Digital Transformation & Software Engineering Services
Velocity and Design Thinking for the Industrial Internet of Things

Velocity and Design Thinking for the Industrial Internet of Things

Why do we accept speed as an unquestionable edict in software development? And when we do, what is the best approach to introduce smart machines without alienating customers in the digital transformation journey?

To understand the origin of speed as a strategic element of software development, let us look at military defense. The introduction of long-range bombers led to the first, major IT-based response effort: design and implementation of the SAGE computerized air defense system. Next, higher-speed, Inter-Continental Ballistic Missiles (ICBMs) further shortened response time requirements, leading to the next generation of a software-intensive defense system: SDI or Strategic Defense Initiative, a high-tech program with a scale only matched by that of the Manhattan Project.

Technological innovations led the military to adjust requisite sense-and-respond abilities, though breakthroughs leading to speed-ups are obviously not limited to defense. The financial sector has witnessed similar changes with the introduction of high frequency trading. As Klaus Schwab notes, we are entering a 4th industrial revolution that keeps compelling organizations to reconsider traditional ways of doing business to keep pace with changing technology and consumer expectations. Rather than bombers and ICBMS, breakthroughs come in the form of Internet of Things (IoT), autonomous vehicles, artificial intelligence, robotics, materials science, 3D printing, energy storage or quantum computing.

Now that we understand the origin of software-intensive systems for improved sense-and-response, we can ask ourselves how this translates to solution design. This question becomes particularly interesting in the recently re-iterated case for Event-Driven Architecture (EDA) by Gartner’s Ann Thomas, precisely acknowledging the need for organizations to address sense-and-respond capabilities. Events are notable things that happen inside or outside organizations. They indicate the presence of a critical situation, an impending problem, an opportunity, a threshold, or a deviation. With breakthroughs previously mentioned, these events originate increasingly from non-human personas. We introduce IoT personas alongside human personas in the design of software-intensive solutions destined to address technological advances. How do we retain a service design approach that remains user-centric in a world which is less and less exclusively human? Until now, we got away with human-centered design, but as we embrace EDA for this new industrial era, we will see enhanced forms of service design emerge that will be truly differentiating in experiences involving appliances and smart infrastructure.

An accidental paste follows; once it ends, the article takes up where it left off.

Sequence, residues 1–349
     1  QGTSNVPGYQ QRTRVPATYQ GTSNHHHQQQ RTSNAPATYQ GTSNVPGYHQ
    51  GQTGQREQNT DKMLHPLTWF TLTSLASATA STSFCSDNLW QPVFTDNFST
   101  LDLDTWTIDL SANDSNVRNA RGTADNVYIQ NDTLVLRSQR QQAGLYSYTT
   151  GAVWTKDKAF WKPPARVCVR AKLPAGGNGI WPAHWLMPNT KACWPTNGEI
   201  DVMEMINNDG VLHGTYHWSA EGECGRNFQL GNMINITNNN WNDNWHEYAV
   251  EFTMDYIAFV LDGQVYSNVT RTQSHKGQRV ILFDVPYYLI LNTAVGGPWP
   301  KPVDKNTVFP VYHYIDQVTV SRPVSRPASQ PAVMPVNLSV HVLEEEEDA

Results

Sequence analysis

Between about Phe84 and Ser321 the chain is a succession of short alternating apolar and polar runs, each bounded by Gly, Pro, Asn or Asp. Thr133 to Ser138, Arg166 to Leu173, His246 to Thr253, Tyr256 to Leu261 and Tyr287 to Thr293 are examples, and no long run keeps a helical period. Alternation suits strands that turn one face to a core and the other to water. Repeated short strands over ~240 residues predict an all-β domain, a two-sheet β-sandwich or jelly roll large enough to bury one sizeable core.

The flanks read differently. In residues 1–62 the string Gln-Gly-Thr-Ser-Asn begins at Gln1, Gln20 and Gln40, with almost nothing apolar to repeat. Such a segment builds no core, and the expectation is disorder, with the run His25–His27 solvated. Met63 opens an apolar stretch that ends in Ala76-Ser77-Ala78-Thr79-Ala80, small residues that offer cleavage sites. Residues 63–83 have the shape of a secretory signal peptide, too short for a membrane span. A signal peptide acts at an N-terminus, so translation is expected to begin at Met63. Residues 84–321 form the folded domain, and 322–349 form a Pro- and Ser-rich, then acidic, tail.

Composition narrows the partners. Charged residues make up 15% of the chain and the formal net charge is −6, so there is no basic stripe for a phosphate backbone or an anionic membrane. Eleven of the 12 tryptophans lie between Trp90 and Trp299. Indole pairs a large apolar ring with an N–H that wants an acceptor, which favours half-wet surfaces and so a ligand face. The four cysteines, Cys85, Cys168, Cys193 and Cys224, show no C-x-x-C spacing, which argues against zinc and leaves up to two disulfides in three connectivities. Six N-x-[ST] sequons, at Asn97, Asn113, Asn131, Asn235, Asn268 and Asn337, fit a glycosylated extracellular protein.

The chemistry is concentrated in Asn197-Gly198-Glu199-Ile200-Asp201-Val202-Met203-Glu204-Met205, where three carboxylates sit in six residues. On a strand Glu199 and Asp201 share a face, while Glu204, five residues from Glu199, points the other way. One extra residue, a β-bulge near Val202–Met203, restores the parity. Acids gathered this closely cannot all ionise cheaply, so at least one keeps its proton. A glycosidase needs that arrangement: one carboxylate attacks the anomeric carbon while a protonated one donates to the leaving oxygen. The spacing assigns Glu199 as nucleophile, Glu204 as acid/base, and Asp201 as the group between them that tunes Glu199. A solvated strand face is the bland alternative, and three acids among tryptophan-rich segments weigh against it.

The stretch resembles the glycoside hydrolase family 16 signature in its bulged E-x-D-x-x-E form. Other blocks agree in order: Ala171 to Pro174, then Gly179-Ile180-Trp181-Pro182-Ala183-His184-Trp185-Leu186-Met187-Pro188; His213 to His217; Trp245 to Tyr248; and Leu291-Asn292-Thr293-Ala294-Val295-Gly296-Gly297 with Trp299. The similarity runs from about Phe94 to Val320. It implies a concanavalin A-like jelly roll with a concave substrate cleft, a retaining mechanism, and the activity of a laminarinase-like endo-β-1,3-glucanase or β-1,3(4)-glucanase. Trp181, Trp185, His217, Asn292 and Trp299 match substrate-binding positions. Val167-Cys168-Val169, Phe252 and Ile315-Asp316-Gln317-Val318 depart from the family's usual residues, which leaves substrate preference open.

But there is a flip side to this ability to design for things and humans simultaneously.

Evolution towards event-centricity to meet the need for speed-ups carries an inherent risk: losing touch with customers! This can make businesses paradoxically vulnerable to the very innovation they were addressing. The need to retain conscience of the end user (customer, citizen, patient) remains therefore a key consideration in digital transformations baked into our “Connected” approach to service design. It seems antagonistic, but these are two sides of the same coin: one side is about being able to leverage platform capabilities from the vantage point of the autonomous device and on the other side retain a clear perspective over the experience to avoid alienating humans as we move further towards automation.

We believe this duality can be resolved through a focus on outcomes.

Service design at Ness brings our product development capabilities to bear. The product mindset, more so than in project-based delivery, forces us to embrace the multifaceted realities of outcomes. We make use of Personas and blueprint their steps end-to-end, capturing on- and off-screen interactions. We refer to these as journeys, as they capture idiosyncrasies and will include a systematic capture of events prioritized by relevance. While these journeys reveal events and needs of machines and humans alike, outcomes remain centered on humans. Outcomes can be more abstract and will ultimately give rise to, hopefully, exciting confrontations of emotional and machine intelligence.

These research and workshop tools, such as Journey Maps, are tools for capturing behaviors and narratives, and provide outcome intimacy for the situation at hand. They are part of a set of artifacts used during Ness’s Discovery and Envision phases when we propose our Ness Connected approach to engage on digital transformation efforts. Perhaps you, too, have faced this duality in designing your next-gen infotainment system or home appliance solution. We would love to hear from your experience and perhaps even walk some of the path on that journey to digital transformation together!

About the Author

Jean Paul de Vooght Jean Paul de Vooght
Jean-Paul is a Solution Architect and part of the Solutioning Team at Ness Digital Engineering. His role involves bridging delivery capabilities with innovation opportunities in Germany, Austria and Switzerland. His experience in Internet solutions spans from e-commerce and social media curation to data science sites for machine learning competitions.